Teaching your dog to adapt to living indoors can be difficult, which is why many owners look for advice about housebreaking a stubborn puppy. Fortunately, most dogs can be taught anything if you’re persistent enough with your teaching, so there are many methods that you can try.
In today’s article, we’ll be taking a look at how to housebreak a stubborn puppy.
Understand The Puppy’s Needs
It seems that many owners don’t understand that puppies have needs just as adult dogs. Understanding their psychology is going to be crucial if you want to housebreak a puppy.
For example, it’s completely normal for the puppy to be nervous in its new environment. This isn’t only normal for puppies, but for adult dogs too – moving from one home to another can be extremely stressful for them. Because of this, it’s important to stay patient and let the dog adapt to its surroundings.
It’s important to give your dog both space and time and let them get comfortable, as it’s pointless to try any training if they’re not relaxed and not ready to cooperate.
Another thing that you absolutely have to keep in mind is the fact that some breeds hate living indoors. This usually refers to larger and more active breeds, like the German Shepherd or the Rottweiler. There are many breeds that don’t mind living in closed spaces, like the Pug or the English Bulldog.
However, if you have a large breed of dog, they’ll have a lot of trouble getting comfortable because of their size. Even if they become comfortable, they’d be much more comfortable if they had a large yard.
This is why it’s important to recognize the signs that your pup is definitely going to show you when it wants to be let out or taken out for a walk.
So, to sum it up, it’s important for you to get your dog to feel comfortable in their own home, as no training will ever function until they actually feel safe and relaxed.
Learn more about: How To Potty Train A Pug Puppy?
Housebreaking A Stubborn Puppy
For the record, if you live in a house with a yard, it’s 100% better to let your dog out when it needs to urinate or defecate – this is the simplest and the best solution for both you and the dog.
However, not all of us have that comfort. So, if you have no other option but to teach your dog to use the potty, there are a few steps that work best.
Firstly, let your dog establish an area in your home as their area. They’ll feel perfectly safe here and it will be much less of a problem teaching them and getting them to use the potty in this area, as in comparison to other areas of your home.
According to experts, it’s best to potty train right after your dog has had a meal or after they woke up from a nap. The latter might be more difficult since your dog will nap every now and again without you even noticing, and also because you’re going to be home every time you feed your pup.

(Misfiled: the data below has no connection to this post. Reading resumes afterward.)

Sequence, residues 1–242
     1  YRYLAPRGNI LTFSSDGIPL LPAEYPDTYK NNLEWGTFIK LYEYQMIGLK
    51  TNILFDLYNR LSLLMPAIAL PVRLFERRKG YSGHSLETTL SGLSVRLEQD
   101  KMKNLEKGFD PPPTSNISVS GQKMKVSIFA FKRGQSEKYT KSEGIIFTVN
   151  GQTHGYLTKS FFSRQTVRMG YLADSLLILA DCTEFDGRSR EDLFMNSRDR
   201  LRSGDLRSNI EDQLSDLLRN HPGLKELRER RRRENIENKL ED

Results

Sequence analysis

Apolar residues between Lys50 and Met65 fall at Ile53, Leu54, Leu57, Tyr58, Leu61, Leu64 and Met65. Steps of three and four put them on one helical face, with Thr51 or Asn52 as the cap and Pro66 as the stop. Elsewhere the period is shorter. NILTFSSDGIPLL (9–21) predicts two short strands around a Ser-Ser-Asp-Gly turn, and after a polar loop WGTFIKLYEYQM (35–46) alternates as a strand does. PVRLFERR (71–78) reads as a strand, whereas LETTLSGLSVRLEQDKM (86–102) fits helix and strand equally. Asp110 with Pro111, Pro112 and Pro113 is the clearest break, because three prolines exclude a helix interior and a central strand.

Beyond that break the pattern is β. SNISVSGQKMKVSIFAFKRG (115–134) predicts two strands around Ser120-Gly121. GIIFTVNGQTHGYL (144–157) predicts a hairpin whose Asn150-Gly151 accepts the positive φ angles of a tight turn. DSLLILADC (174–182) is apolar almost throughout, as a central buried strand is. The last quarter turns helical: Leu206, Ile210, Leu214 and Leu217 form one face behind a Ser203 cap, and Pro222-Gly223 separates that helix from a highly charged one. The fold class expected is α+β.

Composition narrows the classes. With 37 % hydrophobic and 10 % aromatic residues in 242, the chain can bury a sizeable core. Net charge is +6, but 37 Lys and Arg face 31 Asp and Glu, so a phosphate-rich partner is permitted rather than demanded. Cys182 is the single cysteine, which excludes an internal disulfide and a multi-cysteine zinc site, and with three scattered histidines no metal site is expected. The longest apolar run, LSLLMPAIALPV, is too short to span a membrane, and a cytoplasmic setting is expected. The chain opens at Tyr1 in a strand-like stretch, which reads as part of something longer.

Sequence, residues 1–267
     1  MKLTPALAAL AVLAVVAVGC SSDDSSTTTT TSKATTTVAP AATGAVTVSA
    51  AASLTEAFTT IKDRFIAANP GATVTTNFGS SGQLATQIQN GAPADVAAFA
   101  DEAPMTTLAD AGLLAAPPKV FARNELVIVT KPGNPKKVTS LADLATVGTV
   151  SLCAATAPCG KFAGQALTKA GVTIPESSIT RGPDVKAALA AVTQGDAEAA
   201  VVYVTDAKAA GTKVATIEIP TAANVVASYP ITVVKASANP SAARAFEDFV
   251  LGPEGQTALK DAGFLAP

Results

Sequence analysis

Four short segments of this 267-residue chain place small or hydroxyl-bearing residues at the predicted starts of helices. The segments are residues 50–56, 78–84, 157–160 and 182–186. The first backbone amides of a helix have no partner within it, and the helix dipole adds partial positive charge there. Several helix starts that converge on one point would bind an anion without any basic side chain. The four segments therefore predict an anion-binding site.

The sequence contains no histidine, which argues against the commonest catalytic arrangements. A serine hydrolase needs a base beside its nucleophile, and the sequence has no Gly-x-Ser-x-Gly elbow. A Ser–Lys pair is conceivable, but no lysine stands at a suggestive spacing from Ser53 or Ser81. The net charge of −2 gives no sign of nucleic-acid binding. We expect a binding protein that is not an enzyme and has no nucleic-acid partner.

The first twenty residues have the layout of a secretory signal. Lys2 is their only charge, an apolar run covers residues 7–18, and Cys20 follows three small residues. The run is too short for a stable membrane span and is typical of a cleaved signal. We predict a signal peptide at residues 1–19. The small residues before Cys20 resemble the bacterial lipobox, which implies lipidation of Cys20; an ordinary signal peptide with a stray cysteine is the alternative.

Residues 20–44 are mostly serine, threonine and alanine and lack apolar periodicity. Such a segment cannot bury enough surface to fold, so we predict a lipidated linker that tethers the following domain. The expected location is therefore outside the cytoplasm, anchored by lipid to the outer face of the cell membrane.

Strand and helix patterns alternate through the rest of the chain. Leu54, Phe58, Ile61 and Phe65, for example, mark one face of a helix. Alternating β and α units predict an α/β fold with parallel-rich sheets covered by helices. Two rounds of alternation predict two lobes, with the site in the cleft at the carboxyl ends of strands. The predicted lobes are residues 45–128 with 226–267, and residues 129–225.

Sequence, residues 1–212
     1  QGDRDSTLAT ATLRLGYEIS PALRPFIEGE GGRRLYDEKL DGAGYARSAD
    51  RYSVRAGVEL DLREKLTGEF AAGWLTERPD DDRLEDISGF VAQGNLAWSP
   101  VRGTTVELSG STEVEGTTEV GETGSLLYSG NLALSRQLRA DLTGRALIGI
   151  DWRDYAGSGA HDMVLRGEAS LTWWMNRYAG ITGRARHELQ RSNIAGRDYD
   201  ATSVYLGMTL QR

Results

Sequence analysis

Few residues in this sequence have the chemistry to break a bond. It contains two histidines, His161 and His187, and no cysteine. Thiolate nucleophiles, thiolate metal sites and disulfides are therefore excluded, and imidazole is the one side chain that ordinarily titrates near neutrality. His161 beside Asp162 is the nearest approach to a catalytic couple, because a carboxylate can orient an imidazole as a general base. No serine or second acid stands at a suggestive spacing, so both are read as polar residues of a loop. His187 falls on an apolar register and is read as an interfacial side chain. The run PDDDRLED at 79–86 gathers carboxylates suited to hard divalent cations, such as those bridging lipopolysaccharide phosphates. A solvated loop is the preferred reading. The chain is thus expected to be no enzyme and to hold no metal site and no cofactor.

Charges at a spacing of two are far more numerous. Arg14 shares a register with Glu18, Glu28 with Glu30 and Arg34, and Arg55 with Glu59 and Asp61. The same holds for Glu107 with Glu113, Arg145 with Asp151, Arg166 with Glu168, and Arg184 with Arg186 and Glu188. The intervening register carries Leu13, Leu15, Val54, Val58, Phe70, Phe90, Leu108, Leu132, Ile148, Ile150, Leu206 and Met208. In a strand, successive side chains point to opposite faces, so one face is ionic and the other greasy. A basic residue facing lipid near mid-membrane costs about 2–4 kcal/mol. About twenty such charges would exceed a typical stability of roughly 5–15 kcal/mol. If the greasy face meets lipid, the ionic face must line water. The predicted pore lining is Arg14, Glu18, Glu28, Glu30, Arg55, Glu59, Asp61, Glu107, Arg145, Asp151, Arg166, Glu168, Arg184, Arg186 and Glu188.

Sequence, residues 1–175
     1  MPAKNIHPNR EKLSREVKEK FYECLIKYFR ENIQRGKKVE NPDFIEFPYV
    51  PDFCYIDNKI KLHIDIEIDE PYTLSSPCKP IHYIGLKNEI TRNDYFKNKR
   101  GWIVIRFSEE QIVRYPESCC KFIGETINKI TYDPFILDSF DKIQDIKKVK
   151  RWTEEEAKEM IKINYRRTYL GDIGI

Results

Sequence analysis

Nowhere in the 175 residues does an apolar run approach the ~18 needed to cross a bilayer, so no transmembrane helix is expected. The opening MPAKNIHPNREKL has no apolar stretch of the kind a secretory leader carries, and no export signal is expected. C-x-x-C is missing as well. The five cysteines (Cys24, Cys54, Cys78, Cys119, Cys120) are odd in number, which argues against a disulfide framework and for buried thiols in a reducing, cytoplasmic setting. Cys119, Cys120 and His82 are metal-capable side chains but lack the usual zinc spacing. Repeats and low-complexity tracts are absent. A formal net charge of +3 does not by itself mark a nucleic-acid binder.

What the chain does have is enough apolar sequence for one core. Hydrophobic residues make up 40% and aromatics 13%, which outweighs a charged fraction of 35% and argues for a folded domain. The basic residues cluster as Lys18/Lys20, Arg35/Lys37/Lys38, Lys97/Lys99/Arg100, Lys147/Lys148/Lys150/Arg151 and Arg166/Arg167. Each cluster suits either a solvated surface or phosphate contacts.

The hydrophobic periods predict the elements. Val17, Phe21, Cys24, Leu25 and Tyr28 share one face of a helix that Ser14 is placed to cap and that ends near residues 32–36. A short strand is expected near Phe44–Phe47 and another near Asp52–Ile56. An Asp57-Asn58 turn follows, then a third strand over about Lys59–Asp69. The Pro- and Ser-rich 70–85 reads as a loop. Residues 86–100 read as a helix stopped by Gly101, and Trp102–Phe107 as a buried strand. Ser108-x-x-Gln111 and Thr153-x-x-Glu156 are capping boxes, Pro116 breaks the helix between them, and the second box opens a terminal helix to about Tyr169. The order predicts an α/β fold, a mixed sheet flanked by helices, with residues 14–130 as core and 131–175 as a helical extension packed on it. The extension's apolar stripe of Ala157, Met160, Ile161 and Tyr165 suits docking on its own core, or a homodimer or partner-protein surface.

It’s also important to remember that the best way to teach your dog anything, including potty, is positive reinforcement. Punishing your dog because they didn’t get the lesson and they didn’t use the potty makes no sense as dogs can’t understand what we’re explaining to them.
What your dog will understand, however, is getting a treat every time it uses the potty. It might sound silly, to reward a dog for something so rudimentary, but this really is the best way to do it.
Crating Your Dog
A lot of people have an issue with crating their dog as they think it’s in the grey zone of humane and inhumane, but there’s nothing wrong with crating your dog. It shouldn’t be done as punishment, though.
Crating your dog can be a useful method when you’re housebreaking them, as you can use the crate to teach them to go to the right spot. After letting them out of their crates, show them where the right spot is and teach them to go there.
Read more about: Leaving Pugs Home Alone
It should be noted that, once again, larger dogs can be more difficult to train than smaller dogs. Even though larger dogs are on average more intelligent and easier to train than smaller dogs, larger dogs feel much more comfortable in open areas, such as yards.
If you insist on keeping a dog indoors, it’d be much better to keep a small, indoor breed than a large, outdoor breed, as you’re going to have much less trouble.
How do you housebreak a difficult dog?
The only true answer is - you do it slowly and patiently. It's also going to help if you have a smaller dog, as they're more accustomed to closed spaces and they won't have as much trouble living inside.
How long does it take for a puppy to be housebroken?
There is absolutely no rule here - there are puppies that easily follow commands, understand what you're saying, and they follow the rule after a week or two. Then there are puppies that take months to show signs of progress.
Are some dogs impossible to housebreak?
Impossible is a big word in this sense - it's true that there are individual dogs that are seemingly helpless. However, if you're having that much trouble and can't seem to housebreak your dog, visit a dog trainer.
Why is my dog being stubborn about potty training?
Firstly, because it's a puppy - it's playful and it wants to play. You should present the training through play by using treats. Secondly, it's important to stay calm and patient.
If you want to live your life in harmony with your dog, it’s crucial to housebreak them and teach them to potty. This, however, can be difficult as it’s not natural for dogs to defecate and urinate in a single spot. It’s important to stay patient, stay calm and teach them through play and treats.
Family Dog Expert Author
Hi there! I’m Stuart, a devoted dog lover and family dog expert with over a decade of experience working with our furry companions. My passion for dogs drives me to share my knowledge and expertise, helping families build strong, loving bonds with their four-legged friends. When I’m not writing for SirDoggie, you’ll find me hiking, playing with my beautiful dog, or studying music.